Occupy Boston protestors and Boston Police officers wait in the middle of Atlantic Avenue in Boston, early Friday, Dec. 9, 2011. Boston Mayor Thomas Menino said Thursday that Occupy Boston protesters must leave their encampment in the city's financial district by midnight Thursday or face eviction by police. / AP Photo/Charles Krupa
BOSTON - A diminished Occupy Boston encampment held its ground early Friday after police decided not to immediately enforce a midnight deadline Mayor Thomas Menino had set for them to leave a city square.
Two protesters were arrested after police said they moved a tent into a street and refused to move, blocking traffic. But there were no other serious confrontations between the demonstrators and supporters who gathered at the site as the deadline loomed.
Boston police Supt. William Evans told protesters that even though Menino set the deadline, he did not specify when the camp would be shut down.
"We're continuing to work with (the protesters)... and hopefully come to a good conclusion where we don't have any confrontations and there are no arrests," Evans told reporters.
Many protesters had pulled up stakes and left the encampment Thursday after learning of the deadline, but others stayed, and some said they were prepared to be arrested.
Demonstrators and their supporters began gathering in the hours before the deadline. Occupy groups from Worcester and Providence, R.I., helped swell the ranks, along with university students, a group of Quakers and some veterans, including a Marine in full dress uniform.
About 1,000 people filled the streets around the financial district and a party-like atmosphere reigned as a marching band played music and people sang and danced.
As midnight approached, Occupy Boston members began organizing those demonstrators willing to be arrested, telling them to stay in the encampment and link arms.
After protesters chanted "We are the 99 percent" and singing "Solidarity Forever" for several minutes, the band began playing again for the crowd.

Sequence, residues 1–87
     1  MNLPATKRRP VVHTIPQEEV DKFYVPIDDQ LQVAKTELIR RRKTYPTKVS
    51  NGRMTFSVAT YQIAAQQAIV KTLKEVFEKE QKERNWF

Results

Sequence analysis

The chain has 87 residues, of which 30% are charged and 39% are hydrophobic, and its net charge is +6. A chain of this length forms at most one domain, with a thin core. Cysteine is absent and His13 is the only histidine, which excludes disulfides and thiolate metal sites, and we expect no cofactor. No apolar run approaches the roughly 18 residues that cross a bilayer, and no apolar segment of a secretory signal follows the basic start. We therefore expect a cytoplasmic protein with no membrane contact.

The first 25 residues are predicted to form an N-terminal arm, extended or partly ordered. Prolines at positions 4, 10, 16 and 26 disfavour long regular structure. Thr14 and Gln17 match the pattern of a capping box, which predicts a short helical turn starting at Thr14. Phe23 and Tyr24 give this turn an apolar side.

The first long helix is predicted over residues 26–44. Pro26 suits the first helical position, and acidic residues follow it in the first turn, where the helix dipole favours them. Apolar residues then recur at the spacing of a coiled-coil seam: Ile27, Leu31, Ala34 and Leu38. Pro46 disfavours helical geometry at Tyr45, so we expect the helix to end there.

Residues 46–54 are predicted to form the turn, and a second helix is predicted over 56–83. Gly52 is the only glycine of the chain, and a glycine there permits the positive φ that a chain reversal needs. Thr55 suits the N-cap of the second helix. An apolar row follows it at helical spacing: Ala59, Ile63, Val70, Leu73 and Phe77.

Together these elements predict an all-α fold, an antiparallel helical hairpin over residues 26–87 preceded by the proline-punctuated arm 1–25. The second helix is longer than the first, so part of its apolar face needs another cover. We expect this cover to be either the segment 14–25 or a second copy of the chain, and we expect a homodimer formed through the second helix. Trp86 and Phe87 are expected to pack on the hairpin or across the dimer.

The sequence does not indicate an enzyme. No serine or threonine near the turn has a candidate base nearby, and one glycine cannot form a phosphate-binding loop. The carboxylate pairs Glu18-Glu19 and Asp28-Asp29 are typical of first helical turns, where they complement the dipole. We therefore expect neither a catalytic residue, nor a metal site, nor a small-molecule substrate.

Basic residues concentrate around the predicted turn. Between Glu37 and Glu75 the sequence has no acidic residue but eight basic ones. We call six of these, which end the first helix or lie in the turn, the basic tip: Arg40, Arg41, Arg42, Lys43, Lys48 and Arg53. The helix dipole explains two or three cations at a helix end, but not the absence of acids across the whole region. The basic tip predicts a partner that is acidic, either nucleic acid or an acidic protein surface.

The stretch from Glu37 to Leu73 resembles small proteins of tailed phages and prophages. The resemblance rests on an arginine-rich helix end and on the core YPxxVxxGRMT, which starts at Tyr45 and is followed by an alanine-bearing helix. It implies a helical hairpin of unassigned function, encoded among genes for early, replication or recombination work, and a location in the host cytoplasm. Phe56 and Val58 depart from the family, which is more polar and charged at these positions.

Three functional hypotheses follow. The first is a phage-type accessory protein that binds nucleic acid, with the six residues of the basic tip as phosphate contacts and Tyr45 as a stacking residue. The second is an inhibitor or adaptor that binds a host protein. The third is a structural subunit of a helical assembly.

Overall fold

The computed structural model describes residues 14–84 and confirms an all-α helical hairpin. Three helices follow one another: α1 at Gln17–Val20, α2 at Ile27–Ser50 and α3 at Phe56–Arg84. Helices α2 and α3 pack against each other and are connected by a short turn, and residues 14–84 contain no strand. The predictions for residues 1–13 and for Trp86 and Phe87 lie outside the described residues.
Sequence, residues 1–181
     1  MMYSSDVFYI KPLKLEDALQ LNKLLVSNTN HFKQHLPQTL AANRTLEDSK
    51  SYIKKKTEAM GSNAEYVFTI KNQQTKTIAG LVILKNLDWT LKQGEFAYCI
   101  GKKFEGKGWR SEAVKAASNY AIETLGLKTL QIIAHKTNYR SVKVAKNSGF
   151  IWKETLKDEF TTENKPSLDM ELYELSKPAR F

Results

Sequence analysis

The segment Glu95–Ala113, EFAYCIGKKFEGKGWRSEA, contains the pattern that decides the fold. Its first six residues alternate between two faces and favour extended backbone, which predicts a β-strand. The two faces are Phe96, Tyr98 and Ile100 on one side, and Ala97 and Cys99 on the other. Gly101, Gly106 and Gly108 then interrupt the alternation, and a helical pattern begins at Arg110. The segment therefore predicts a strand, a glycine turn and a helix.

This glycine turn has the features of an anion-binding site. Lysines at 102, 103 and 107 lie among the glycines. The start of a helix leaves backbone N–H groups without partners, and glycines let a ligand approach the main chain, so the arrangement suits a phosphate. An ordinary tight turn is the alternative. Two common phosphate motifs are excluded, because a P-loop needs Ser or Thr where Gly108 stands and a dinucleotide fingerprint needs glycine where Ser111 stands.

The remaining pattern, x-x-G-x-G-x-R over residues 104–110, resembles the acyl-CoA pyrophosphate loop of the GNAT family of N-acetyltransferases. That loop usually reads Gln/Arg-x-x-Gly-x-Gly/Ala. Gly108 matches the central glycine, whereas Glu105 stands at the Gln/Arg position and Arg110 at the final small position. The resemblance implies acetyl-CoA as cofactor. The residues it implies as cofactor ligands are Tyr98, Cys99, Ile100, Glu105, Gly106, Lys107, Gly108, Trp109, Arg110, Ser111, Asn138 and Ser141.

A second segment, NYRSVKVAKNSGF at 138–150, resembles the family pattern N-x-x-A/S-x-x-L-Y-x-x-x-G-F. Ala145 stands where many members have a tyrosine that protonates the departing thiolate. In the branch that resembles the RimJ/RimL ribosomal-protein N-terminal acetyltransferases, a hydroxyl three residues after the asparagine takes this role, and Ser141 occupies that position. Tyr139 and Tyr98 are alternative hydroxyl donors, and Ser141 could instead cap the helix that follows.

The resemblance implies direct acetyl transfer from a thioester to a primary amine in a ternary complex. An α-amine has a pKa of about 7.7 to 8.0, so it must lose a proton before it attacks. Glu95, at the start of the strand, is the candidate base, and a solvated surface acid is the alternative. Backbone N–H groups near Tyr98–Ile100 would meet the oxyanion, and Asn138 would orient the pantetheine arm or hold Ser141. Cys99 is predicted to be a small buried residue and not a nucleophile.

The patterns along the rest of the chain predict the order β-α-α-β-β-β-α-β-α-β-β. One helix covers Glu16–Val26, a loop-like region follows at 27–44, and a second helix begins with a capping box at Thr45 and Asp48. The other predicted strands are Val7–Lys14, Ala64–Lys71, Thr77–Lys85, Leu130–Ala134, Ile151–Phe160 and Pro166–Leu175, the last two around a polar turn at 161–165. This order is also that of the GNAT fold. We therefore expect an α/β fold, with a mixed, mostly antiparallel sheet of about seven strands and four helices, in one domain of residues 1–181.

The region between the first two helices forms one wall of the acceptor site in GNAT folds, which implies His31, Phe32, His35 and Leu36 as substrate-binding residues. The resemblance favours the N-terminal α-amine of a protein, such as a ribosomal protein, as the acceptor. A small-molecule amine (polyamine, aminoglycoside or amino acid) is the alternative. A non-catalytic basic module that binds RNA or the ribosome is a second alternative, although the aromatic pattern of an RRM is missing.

Hours later, as dawn approached, the scene was markedly quieter, with only a handful of police officers keeping eye on the remaining protesters, a few of whom were still packing up tents and gathering belongings. One protester was raking a portion of the greenway that had been vacated by other members of the movement.
While Menino had previously said the city had no plans to forcibly remove the encampment, he appeared to become increasingly impatient with the protesters in recent days, saying the occupation has become a public health and safety hazard. He issued his ultimatum after a judge ruled on Wednesday that the protesters had no right to stay in Dewey Square.
The protesters have been encamped there since Sept. 30, modeling their demonstration after Occupy Wall Street. Protesters estimate between 100 and 150 activists live in the Boston encampment.
The threat of forcible removal left Boston poised to join several other cities, including New York City, Los Angeles, Philadelphia and San Francisco, where officials moved to oust protesters.
"I think that the mayor used silence as a tactic to win the court case. He never said anything and during radio interviews he said `I'm not saying they have to go, I'm just saying that we want the ability to ask them to go,"' said John Ford, a 30-year-old bookstore owner from Plymouth and a member of the encampment. "Now they want to flip us immediately."